Antibiotics Overused for Sinusitis
Most Sinus Problems Caused by Viruses, Inflammation
WebMD News Archive
Inhaled Steroids and Saline Sprays
Ear, nose, and throat specialist Michael Benninger, MD, tells WebMD that the overprescribing of antibiotics is largely driven by patient expectations.
He points out that in Europe, antibiotics are rarely prescribed for sinus infections.
“In this country, I really don’t think we have gotten to the point where we tell patients they don’t need antibiotics.”
Benninger adds that he is somewhat surprised by the latest findings, given the concerns about antibiotic overuse spurring resistance to the drugs.
“The bottom line is we should not be treating a virus with an antibiotic, and we should not assume that antibiotics are the best treatment for acute or chronic rhinosinusitis,” he says.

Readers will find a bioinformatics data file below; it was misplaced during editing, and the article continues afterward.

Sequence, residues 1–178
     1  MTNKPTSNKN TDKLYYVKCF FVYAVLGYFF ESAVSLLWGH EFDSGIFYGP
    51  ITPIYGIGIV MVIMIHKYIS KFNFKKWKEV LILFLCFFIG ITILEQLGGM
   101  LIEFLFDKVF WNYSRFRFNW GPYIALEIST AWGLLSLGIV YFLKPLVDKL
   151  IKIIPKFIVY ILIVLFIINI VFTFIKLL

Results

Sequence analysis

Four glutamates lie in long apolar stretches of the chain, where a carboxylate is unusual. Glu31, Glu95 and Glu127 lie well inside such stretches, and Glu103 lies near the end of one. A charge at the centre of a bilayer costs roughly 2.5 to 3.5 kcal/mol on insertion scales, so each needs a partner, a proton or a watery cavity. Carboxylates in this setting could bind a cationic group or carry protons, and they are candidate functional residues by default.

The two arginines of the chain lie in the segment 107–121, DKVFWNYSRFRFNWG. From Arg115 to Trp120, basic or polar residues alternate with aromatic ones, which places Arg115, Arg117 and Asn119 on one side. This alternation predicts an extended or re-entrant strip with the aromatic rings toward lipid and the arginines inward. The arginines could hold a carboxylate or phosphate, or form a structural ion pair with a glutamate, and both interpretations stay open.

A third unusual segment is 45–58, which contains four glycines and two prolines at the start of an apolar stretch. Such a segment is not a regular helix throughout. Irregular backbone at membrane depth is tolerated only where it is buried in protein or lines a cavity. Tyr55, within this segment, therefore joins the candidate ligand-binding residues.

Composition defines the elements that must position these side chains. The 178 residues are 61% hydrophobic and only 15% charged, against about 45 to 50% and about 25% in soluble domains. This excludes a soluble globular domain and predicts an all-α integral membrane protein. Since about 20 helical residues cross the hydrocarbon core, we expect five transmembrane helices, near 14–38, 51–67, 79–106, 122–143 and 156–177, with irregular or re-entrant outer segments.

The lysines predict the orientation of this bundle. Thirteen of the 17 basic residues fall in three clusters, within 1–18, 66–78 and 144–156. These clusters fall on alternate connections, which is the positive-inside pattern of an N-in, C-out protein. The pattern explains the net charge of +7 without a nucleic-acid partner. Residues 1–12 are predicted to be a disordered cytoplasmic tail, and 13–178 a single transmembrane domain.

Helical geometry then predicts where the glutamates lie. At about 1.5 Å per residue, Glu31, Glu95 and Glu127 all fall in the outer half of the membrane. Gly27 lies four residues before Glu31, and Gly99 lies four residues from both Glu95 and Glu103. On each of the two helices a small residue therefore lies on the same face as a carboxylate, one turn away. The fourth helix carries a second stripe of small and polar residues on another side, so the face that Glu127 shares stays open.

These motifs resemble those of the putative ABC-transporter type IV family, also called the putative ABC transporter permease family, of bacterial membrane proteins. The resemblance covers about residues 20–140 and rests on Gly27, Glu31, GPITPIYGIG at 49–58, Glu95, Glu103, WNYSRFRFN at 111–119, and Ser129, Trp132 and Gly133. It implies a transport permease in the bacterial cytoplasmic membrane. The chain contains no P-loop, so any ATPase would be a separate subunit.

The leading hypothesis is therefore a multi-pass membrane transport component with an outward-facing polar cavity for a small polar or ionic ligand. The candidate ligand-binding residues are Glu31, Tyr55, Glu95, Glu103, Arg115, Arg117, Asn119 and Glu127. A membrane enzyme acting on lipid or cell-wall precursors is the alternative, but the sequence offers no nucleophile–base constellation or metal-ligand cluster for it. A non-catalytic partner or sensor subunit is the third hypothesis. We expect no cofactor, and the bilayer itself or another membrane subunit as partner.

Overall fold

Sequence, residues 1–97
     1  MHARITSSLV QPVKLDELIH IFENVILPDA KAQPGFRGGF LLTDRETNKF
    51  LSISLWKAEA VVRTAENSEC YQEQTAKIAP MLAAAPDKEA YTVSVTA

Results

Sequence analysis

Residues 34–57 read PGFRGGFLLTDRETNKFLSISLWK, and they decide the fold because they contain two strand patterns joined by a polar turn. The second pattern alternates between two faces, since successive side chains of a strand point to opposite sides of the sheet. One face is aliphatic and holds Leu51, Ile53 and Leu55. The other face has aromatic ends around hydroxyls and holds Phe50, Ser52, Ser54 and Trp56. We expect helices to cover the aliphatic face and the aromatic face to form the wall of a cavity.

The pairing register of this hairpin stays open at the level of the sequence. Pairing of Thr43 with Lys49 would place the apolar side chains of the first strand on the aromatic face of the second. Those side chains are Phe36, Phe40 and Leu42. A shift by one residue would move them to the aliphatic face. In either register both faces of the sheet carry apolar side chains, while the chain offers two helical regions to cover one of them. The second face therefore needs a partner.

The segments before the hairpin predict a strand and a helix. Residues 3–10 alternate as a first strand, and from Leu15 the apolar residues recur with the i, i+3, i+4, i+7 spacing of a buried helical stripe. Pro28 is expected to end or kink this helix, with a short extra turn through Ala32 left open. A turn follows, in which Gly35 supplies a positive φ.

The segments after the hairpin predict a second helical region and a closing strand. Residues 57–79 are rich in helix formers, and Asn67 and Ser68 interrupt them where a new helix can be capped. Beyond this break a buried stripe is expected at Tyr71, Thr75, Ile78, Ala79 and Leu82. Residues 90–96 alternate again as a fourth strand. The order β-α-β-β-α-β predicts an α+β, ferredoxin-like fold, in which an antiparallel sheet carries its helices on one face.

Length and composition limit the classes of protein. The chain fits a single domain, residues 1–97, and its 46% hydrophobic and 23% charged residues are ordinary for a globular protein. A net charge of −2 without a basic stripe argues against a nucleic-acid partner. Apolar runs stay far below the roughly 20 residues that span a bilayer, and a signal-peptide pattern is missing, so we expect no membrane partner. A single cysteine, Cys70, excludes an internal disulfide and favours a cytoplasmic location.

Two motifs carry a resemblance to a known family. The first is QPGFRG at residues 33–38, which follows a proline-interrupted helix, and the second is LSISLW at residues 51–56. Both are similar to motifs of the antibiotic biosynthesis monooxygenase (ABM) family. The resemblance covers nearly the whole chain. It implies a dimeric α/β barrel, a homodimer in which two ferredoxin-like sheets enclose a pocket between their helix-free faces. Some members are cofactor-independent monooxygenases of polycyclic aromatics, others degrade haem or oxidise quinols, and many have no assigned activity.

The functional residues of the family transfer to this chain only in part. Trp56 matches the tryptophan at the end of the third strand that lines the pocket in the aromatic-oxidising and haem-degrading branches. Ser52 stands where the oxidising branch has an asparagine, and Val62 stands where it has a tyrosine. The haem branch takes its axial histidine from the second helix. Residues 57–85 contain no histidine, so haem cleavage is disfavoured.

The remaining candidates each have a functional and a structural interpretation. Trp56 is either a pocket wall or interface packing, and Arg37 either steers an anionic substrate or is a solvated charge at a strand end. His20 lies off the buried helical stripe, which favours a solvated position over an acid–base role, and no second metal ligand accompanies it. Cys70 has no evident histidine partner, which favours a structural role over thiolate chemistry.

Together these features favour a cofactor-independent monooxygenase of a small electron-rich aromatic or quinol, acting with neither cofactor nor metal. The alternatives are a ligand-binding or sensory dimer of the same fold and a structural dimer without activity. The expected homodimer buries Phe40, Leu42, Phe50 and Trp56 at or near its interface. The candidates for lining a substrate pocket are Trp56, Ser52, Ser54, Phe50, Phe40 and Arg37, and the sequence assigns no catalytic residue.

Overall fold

Inhaled steroids, used to reduce inflammation, appear to be a better approach for many patients with chronic sinus problems, he adds.
But this treatment was prescribed only 16.4% of the time to patients in the study with chronic symptoms.
Leopold and Benninger agree that one of the best treatments for nonbacterial acute sinus infections is also one of the simplest.
Flushing the nose frequently with a saline nasal spray is a highly effective, over-the-counter therapeutic approach, Leopold says. He recommends that patients start using saline sprays when they feel upper respiratory symptoms coming on.
“My patients are sick of hearing about this, but saline therapy is cheap, effective, and underutilized,” he says.